in each six months and study the location of all hjalrants 
and reservoirs in the city, and generally inform themselves 
in all matters pertaining to their duties as engineers. No 
engineer shall interfere with or attempt to give orders rela- 
tive to the location or use of a line of hose, when he has 
ascertained that another has command of it, unless by con- 
sent of the engineer in command of it, or by orders of the 
officer in command of the fire ; and it shall be his duty to 
inquire if there is an officer in charge. 



FIRE DEPARTMENT. 377 

Sect. 15. For each absence from fire, or neglect of duty, 
he chief engineer, the assistant engineers, and engineers of 
teamers shall be fined three dollars, and each other mem- 
ler of the department one dollar; provided, however, that 
my fireman liable as above may in case of sickness have 
)Ower of substitution by giving notice, each assistant en- 
:ineer to the chief, each captain to an engineer, and each 
ther member to the captain of his company. All fines 
hall be paid to the clerks of respective companies at the 
irst regular meeting after they are incurred. The clerks 
f companies shall disburse the fines to substitutes answer- 
Qg for absent members in cases where there were sub- 
titutes. In cases vrhere there were no substitutes the fines 
hall be paid to the city. 

Sect. 16, Any volunteer company using the apparatus 
f the city at any fire shall be under the control and com- 
land of the chief engineer and his assistants, agreeably to 
lie foregoing provisions of this chapter. 

Sect. 17. The department shall appear for public pa- 
ade, drill and inspection at such times as the chief engineer 
nd committee on fire department shall order, for which 
urpose three hundred dollars may be expended annually, 
'he companies in Wards 1, 2 and 3 will attend by invita- 
.on and voluntarily. Each company in the department 
nder the direction of the chief engineer or assistants shall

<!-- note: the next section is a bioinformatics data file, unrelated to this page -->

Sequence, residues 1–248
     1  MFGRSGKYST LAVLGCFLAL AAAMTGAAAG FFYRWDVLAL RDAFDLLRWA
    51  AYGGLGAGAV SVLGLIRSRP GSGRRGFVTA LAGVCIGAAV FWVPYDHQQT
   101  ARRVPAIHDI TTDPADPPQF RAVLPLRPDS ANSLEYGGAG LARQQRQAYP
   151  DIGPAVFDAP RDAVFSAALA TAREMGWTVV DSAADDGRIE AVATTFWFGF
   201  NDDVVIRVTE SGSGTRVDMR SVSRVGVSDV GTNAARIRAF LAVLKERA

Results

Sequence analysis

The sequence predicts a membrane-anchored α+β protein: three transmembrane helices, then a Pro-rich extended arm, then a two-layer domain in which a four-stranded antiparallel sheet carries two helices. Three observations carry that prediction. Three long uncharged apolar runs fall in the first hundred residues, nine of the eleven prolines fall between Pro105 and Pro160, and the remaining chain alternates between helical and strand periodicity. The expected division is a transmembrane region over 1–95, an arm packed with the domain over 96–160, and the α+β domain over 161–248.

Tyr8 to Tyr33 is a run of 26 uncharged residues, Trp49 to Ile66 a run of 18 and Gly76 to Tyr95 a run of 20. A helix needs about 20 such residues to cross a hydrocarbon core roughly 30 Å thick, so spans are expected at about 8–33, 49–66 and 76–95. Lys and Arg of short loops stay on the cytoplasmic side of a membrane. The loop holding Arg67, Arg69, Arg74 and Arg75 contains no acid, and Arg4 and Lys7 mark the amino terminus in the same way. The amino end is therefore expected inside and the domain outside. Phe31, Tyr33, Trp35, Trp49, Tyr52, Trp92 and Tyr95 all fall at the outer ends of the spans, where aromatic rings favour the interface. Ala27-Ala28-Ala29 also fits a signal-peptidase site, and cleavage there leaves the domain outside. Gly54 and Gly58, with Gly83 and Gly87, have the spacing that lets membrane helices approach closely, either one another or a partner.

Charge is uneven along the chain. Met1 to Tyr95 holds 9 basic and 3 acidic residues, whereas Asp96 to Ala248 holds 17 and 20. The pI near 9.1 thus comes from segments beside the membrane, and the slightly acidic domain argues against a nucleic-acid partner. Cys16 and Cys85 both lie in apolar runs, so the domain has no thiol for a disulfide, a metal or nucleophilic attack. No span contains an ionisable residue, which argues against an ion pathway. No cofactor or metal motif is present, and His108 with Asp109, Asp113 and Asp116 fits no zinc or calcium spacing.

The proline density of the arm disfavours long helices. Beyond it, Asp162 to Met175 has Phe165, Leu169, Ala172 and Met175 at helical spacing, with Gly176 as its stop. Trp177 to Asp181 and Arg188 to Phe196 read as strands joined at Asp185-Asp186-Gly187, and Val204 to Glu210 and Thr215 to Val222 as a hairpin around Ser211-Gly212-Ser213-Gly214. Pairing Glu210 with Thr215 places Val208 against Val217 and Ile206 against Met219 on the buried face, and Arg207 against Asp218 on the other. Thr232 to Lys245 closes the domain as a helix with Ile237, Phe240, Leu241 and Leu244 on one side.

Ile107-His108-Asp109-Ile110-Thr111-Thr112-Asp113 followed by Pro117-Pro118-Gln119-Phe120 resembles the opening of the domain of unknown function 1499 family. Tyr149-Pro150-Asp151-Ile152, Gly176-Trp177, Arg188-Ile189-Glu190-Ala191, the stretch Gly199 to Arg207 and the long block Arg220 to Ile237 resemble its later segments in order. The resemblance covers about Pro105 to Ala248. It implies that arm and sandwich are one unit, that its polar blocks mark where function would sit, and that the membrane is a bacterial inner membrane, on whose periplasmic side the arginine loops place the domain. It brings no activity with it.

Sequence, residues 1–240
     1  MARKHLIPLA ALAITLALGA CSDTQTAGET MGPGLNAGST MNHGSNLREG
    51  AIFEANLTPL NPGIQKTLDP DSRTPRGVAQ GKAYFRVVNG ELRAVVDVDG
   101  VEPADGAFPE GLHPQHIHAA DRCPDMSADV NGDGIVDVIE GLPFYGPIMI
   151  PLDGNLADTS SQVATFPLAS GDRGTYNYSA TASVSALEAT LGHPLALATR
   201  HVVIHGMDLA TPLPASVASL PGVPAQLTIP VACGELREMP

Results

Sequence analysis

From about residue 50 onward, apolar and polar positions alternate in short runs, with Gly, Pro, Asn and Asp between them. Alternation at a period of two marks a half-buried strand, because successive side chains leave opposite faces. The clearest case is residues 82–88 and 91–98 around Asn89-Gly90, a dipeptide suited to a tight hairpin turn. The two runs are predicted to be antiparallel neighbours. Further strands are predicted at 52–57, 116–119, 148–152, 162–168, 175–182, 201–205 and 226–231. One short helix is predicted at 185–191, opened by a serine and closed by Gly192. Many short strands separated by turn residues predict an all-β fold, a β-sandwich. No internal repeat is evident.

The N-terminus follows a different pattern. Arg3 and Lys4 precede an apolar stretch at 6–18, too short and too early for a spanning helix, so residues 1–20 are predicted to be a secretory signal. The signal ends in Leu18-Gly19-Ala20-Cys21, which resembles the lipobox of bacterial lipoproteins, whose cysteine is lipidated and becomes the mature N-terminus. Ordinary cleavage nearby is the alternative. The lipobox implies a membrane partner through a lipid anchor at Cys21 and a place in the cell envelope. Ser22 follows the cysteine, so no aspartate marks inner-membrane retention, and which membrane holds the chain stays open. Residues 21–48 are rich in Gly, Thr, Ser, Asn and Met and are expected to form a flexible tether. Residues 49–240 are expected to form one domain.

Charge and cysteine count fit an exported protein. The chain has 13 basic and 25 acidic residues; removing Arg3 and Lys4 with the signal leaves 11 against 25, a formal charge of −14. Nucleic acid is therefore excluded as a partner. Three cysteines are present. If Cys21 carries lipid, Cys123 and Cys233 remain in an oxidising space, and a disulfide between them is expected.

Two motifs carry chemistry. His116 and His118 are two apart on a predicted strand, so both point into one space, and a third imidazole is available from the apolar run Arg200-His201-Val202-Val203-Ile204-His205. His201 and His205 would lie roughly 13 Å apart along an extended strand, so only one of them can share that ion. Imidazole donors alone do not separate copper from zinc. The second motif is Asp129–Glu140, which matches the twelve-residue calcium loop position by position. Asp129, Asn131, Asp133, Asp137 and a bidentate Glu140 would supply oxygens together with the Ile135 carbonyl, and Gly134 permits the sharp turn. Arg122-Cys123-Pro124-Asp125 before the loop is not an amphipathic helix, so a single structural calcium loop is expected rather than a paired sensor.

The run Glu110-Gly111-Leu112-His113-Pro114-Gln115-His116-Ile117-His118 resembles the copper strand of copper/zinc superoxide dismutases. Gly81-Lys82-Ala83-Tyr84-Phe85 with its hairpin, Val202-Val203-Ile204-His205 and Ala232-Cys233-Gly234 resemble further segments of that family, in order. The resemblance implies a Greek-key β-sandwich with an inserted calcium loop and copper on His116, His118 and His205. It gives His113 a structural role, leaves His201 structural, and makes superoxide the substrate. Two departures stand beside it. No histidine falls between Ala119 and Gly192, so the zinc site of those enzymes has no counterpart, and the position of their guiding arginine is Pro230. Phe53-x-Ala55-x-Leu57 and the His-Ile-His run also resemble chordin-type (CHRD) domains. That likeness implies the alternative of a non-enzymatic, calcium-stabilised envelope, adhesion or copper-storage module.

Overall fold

ike out their respective engines and apparatus for exercise 
nd drill as often as he shall direct, such exercise and drill 
) take place in public, not oftener than once a month, and 
t least once in two months, between the first of April and 
iQvember. 

Sect. 18. The engineers shall have control of all per- 
ms appointed to serve in any company of the fire depart- 
lent and power to direct and control the labor of all per- 
)ns present at any fire. An engineer may and shall cause 
ay fire deemed by him to be dangerous in any place to be 
stinguished or removed. 



378 CITY OF CONCORD. j 

i 

Sect. 19. The engineers may establish such regulation) 
respecting the kindling, guarding and safe-keeping of firej 
and for the removal of shavings and other combustible; 
from any building or place, as they shall think expedient] 
Such regulations shall be signed by a majority of the en! 
gineers. Such regulations shall be approved by the mayo:' 
and aldermen, recorded by the city clerk, and copie;! 
attested by him posted up in two or more places in the citjj 
thirty days, when they shall take effect. Penalties not ex| 
ceeding twenty dollars for each offense may be prescribecj 
by the engineers for the breach of such regulations, anc'; 
such regulations shall remain in force until altered or ani 
nulled. 

Sect. 20. The board of engineers may from time to timi: 
make and enforce such regulations for the government o^' 
the department as may be deemed proper, subject to the' 
approval of the board of mayor and aldermen. I 

Sect. 21. If any member of any of the several com-; 
panics shall wilfully neglect or refuse to discharge his duty, 
or shall be guilty of disorderly conduct or disobedience tc 
any officer or to any engineer, he shall for any such offense 
be forthwith dismissed from the department by direction 
of the chief engineer. No person shall be a member of, or 
serve in, the fire department, who is under the age of 
twenty years, and no person whose occupation is carried on 
outside the city shall be appointed a member of the fire 
department. 

Sect. 22. All applicants for membership shall be nom- 
inated by the chief engineer, and shall receive pay and be 
considered members of the department from the date of 
their confirmation by the board of mayor and aldermen. 

No person shall hereafter be appointed to any position in 
the fire department unless and until the committee on fire 
department shall have certified in writing to the board of 
mayor and aldermen that such person has been examined 



I 



FIRE DEPARTMENT. 379 



)y them, or under their supervision, and is in their opinion 
[ualified to perform the duties of the position to which he 
s nominated. 

No officer or member of the permanent, or officer of the 
:all, force shall attend any political convention as a dele- 
;ate, distribute tickets at any election, or take any part 
vhatever in political matters other than to exercise the right 
if suffrage, and no political or religious discussion shall be 
>ermitted in any of the department houses.